When she heard of Minnehaha, Ekstedt immediately wanted to go, despite having to take an hour-long bus ride to and from school each day. MA proved to be a great fit for the inquisitive Ekstedt. After graduating in 1969, Ekstedt went to Augsburg College in Minneapolis where she majored in English.

“Heading into college, I knew I wanted to be a teacher,” said Ekstedt. “I went to Augsburg mostly because M.A.’s counselor at the time had gone to Augsburg and was sending a lot of us over there.”

Despite being in a new environment at Augsburg, maintaining a Christian identity was something that proved difficult for Ekstedt and her high school peers.

Ekstedt’s 1974 faculty portrait. Photo from Minnehaha Academy archive.

“About 15 kids in my graduating class at Minnehaha went to Augsburg,” she recalled. “About half of us survived college with our faith intact.”

Returning to MA

After graduating from Augsburg, Ekstedt returned to the classroom at Minnehaha.

“It’s the only job I’ve ever applied for in my life,” she said, adding that her application was completed entirely on paper.

Ekstedt was hired, but it wasn’t for the exact position she had in mind.

“I wasn’t hired to be a teacher; I was hired to be a faculty secretary,” said Ekstedt, which in those days meant running things off to the mimeograph (a sort of copying machine) for teachers.

Lance Johnson, Minnehaha Academy’s Upper School dean of students, was in Ekstedt’s 9th-grade English class in 1974. Photo from Minnehaha Academy archive.

In the fall of 1973, Ekstedt came into her office two weeks before the school year started. Arlene Anderson, the principal at the time, called Ekstedt down to her office and asked her whether or not she was disappointed that she hadn’t gotten a teaching job. She proceeded to explain that Geri DeVries, one of the English teachers, had decided to take a sabbatical, thus leaving the position open for the 22-year-old Ekstedt.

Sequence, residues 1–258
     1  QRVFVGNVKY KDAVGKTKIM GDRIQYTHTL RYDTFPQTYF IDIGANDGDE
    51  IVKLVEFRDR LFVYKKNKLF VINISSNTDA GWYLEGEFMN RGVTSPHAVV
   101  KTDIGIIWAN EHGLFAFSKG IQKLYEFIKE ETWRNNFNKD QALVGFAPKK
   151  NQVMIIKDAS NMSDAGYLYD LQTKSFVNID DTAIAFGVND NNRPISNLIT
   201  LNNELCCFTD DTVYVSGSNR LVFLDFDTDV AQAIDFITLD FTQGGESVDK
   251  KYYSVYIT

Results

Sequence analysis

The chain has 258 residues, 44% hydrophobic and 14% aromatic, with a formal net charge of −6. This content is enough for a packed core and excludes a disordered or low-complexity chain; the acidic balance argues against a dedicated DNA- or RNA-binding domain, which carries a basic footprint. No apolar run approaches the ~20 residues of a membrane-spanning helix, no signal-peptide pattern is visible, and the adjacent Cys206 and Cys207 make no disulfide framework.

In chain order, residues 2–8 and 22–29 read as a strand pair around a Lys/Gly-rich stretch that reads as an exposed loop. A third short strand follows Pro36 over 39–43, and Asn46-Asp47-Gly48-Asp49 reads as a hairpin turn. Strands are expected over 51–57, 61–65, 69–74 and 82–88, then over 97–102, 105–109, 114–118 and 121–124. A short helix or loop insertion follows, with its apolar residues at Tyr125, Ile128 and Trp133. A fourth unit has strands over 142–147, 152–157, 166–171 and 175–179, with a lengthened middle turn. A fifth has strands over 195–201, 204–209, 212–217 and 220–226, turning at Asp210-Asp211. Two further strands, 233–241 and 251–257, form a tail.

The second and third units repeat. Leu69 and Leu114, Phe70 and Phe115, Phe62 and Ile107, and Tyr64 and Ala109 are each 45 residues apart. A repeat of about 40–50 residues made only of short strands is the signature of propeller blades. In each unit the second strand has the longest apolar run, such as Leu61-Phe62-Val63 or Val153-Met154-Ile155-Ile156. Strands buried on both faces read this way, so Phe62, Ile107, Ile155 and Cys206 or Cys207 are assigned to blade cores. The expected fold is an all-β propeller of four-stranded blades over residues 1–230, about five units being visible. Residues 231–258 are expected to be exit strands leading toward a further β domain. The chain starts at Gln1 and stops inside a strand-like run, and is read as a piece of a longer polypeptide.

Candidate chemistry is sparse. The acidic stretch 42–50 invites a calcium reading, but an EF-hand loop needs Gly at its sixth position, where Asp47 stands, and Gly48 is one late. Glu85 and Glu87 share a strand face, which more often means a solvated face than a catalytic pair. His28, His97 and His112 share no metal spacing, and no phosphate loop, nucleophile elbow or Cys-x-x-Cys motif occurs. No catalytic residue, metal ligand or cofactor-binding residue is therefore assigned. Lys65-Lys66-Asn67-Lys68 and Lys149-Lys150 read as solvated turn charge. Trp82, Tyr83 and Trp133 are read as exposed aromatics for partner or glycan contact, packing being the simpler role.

“My entire life was rearranged in about half a day,” reflected Ekstedt. “I was standing on the edge and God came along and pushed me.”

Ekstedt’s first year of teaching was great. She walked into a tenured teacher’s position, taught six classes of English, had two preps and had her own room. This didn’t last for long though.

“My second year, I went down to the bottom of the barrel,” laughed Ekstedt. “I had all the classes nobody else wanted and had to move around to different rooms.”

Ekstedt prepares a film projector for English class in the 1973-74 academic year. Photo from Minnehaha Academy archive.

Ekstedt kept teaching English, but in the fall of 1976, Anderson approached her once again with a new role: yearbook adviser.

“At that time, the yearbook was a club and the newspaper was a class,” she said. “When I assumed the new role, I had this wonderful little group of people who knew how to do the yearbook. The problem was that it was still a club. Deadlines didn’t mean anything and there was no grade.”

When the current newspaper teacher began losing interest in the class, Ekstedt saw an opening.

In 1981, Ekstedt working on an electric typewriter. Photo from Minnehaha Academy archive.

“I saw all these kids and I thought, ‘You have photographers. You have writers. You have people who can do layout and design. Why are you competing with each other?’ So I joined all of them together and created a program called Publications,” said Ekstedt.

In Ekstedt’s new class, everybody did everything. Photography, writing, and layout were all foundational skills that each student learned, but then they moved on to editor positions in their later years. But the process of making a yearbook looked very different 50 years ago.